Moshe Paul spent the rest of that "normal" morning touring the schools. It was the first day that attempts were being made to return to partial school activities. Most of the sixth grade students at Nitzanei HaNegev School at Beit Kama had arrived and their classes were held in protected areas within the school. Each bus carrying children to school is accompanied by a soldier from the Home Front Command whose job it is to help the young passengers find cover nearby if an emergency arises. The pickup points in the communities have been changed during the last few days so that students are collected next to public shelters instead of waiting in groups at the bus stops. In this way they are close to a shelter if the siren goes off. When they arrived at school this morning the children met with an IDF officer who took the first few minutes to explain what the students should do if the siren sounded.
South of Beit Kama at the Mevo'ot HaNegev School in Kibbutz Shoval, twelfth grade students will be completing their high school studies and matriculation examinations and will begin their military service in a few months. We found the literature teacher attempting to return her students into their normal routine amidst a strange atmosphere in one of the school shelters. All live in kibbutzim and moshavim in the Bnei-Shimon Regional Council area or in the Bedouin town of Rahat located near Kibbutz Shoval. Both Jewish and Arab students attempt to concentrate once again on their studies. The students are a little perplexed when they are asked about their feelings. All are supportive of the military campaign in the Gaza Strip and all burst out laughing when one of their friends declares, "We lost a lot of school hours. No matter, we'll make it all up."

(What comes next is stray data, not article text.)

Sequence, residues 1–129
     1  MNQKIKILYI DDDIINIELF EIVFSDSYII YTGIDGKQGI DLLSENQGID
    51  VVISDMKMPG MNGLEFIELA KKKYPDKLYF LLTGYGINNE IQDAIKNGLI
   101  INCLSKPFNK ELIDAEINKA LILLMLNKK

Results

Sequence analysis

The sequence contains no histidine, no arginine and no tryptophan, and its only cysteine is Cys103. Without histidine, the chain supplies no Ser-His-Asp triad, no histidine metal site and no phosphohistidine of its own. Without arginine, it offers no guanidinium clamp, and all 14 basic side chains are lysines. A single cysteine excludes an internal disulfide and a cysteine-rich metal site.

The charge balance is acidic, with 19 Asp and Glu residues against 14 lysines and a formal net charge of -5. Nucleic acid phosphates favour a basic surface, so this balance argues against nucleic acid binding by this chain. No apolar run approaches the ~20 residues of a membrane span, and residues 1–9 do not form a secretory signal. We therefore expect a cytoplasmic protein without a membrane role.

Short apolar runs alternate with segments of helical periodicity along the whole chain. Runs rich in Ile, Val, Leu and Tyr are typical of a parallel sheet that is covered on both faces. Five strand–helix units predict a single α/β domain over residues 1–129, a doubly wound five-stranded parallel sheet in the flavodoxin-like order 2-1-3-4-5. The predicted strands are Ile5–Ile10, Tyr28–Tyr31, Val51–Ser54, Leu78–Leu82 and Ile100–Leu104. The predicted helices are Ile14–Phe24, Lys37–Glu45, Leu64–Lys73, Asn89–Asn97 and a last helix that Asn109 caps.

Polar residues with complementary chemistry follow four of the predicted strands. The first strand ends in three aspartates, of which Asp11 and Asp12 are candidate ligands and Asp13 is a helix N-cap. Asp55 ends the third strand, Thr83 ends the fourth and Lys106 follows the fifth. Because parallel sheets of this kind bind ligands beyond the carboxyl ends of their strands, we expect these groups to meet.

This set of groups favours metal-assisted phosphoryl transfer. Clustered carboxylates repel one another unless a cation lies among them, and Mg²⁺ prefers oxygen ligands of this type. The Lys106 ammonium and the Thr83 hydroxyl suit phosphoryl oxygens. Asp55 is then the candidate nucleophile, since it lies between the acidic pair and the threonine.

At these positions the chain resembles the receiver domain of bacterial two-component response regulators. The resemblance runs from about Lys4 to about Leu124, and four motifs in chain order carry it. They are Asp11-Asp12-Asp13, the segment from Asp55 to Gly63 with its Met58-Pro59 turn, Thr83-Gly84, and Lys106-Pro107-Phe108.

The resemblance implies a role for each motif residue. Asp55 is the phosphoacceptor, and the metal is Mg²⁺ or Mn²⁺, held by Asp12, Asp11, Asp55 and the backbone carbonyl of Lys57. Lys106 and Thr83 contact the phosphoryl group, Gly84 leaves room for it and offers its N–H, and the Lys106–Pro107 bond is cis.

Ido Argaman, a member of Kibbutz Mefalsim on the border of the Gaza Strip, now under fire, is principal of the school. This morning he rushes about the school area where soldiers from the Home Front Command wearing florescent flak jackets stand out. Together they check security measures for the students and hold discussions with the IDF Home Front Command to ensure that those who are in school are fully secure.
"We are operating a "virtual campus" for the rest of the students using a computer network that we set up during the last few hours. All the students have laptop computers and are connected with their teachers who are working from home. There are study programs, forums and a site where students can get help," explains Ido Argaman. The computers were purchased by the regional council and by the parents at discount prices.
In one of the classrooms we met a group of teachers who returned to school to prepare themselves - primarily psychologically - for a gradual return to class.